Next-generation sequencing based preimplantation genetic testing of 24-chromosome aneuploidy and monogenic disorders. N. R. Treff1,2,3, X. Tao1, A. Fedick1,2, D. Taylor1,2,3, K. H. Hong1,2, E. J. Forman1,2, R. T. Scott Jr.1,2 1) Reproductive Medicine Associates of New Jersey, Basking Ridge, NJ., USA; 2) Dept. of Obstertics, Gynecology, and Reproductive Sciences, UMDNJ-Robert Wood Johnson Medical School, Basking Ridge, NJ, USA; 3) Dept. of Genetics, Rutgers-The State University of New Jersey, Piscataway, NJ, USA.

   Comprehensive chromosome screening (CCS) of preimplantation embryo aneuploidy has recently been shown to improve IVF outcomes in multiple randomized controlled trials. Next-generation sequencing (NGS) may provide a unique opportunity to perform CCS and monogenic disorder testing in parallel with high throughput and reduced costs. However, the unique and major challenge of applying NGS to preimplantation genetic testing (PGT) is maintaining accuracy on the limited quantity of starting material from an embryo, while also controlling costs per case (since multiple embryos are evaluated). This study develops and validates a new cost-effective methodology for NGS-based detection of monogenic disorders and 24-chromosome aneuploidy in the human blastocyst. Phase I of development involved the characterization of 5-cell samples from positive control cell lines in order to mimic the number of cells obtained in a typical trophectoderm biopsy. These samples included a variety of cell lines with known aneuploidy, triploidy, or mutation carrier status. NGS was performed using semiconductor sequencing on either the Ion PGM or Proton with molecular barcoding for analysis of multiple samples per chip. Specific disease related mutations, highly polymorphic SNPs, and repetitive sequences with chromosome specific alignment capability were targeted during PCR based capture. Sample processing and data analysis criteria were established to provide 100% consistency with the known genotypes and karyotypes of each control sample. Phase II involved blinded analysis of trophectoderm biopsies from previously characterized human blastocysts and additional cell line samples. Up to 1010 bases were sequenced with up to 96 samples on an individual P1 chip (4,608 chromosomes in a single run). 80 embryo and 240 cell line samples were evaluated. NGS resulted in 100% consistency with known karyotypes and genotypes. Targeted sequencing operating costs were 1/3rd lower than the most efficient of the currently used methodologies. In conclusion, targeted NGS provides an accurate and high-throughput methodology for preimplantation 24-chromosome aneuploidy screening and monogenic disorder diagnosis. This NGS method also represents a more cost-effective solution for PGT and may soon become a standard in reproductive medicine.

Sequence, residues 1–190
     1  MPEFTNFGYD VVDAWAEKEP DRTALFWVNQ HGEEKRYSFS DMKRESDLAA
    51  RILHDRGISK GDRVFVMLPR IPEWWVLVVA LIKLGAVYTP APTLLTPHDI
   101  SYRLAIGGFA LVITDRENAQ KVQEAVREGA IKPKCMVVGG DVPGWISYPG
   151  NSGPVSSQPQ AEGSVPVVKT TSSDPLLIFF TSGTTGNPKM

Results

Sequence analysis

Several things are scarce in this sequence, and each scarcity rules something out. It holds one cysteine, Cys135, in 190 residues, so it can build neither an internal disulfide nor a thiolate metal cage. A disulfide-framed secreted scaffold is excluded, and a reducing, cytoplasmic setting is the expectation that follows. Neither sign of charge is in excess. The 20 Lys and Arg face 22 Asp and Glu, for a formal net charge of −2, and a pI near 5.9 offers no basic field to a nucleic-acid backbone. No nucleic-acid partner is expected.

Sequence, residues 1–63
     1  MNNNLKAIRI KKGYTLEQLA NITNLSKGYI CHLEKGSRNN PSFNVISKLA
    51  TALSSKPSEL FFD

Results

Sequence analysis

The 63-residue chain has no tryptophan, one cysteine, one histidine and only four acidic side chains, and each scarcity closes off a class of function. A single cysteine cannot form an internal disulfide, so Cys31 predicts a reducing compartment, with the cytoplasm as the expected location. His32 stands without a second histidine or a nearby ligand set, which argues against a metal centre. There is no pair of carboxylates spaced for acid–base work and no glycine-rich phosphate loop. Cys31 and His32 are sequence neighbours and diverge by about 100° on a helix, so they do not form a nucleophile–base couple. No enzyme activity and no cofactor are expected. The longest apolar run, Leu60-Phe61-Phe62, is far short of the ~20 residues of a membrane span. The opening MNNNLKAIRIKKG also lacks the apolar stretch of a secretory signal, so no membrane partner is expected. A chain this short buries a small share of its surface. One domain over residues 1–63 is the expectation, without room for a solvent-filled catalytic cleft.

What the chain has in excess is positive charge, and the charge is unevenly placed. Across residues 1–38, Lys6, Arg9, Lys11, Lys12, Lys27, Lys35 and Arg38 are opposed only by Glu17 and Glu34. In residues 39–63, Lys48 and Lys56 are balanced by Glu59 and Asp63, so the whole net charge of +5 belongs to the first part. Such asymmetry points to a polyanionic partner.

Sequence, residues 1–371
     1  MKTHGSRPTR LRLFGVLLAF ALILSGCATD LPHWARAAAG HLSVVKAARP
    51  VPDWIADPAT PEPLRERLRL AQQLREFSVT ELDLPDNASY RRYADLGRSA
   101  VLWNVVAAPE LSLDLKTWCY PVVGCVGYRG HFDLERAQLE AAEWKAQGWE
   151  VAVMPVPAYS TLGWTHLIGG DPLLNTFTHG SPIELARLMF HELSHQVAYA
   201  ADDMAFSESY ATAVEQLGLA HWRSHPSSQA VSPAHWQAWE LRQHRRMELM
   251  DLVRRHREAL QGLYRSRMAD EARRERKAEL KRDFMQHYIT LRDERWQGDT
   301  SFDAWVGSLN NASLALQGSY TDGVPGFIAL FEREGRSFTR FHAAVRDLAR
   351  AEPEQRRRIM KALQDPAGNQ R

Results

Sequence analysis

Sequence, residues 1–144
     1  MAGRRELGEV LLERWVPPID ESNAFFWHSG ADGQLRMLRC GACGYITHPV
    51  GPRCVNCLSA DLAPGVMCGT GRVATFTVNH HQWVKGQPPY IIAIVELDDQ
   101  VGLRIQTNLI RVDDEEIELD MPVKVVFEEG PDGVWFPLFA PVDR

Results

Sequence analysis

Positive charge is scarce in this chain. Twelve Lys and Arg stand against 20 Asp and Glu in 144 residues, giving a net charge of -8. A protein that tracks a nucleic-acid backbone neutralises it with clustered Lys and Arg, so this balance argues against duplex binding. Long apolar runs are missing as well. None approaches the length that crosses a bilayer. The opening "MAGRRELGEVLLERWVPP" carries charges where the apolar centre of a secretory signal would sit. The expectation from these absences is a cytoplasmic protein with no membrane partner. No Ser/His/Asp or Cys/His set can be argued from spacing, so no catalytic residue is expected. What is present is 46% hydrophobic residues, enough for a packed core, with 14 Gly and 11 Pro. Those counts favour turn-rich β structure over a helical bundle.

You may contact the first author (during and after the meeting) at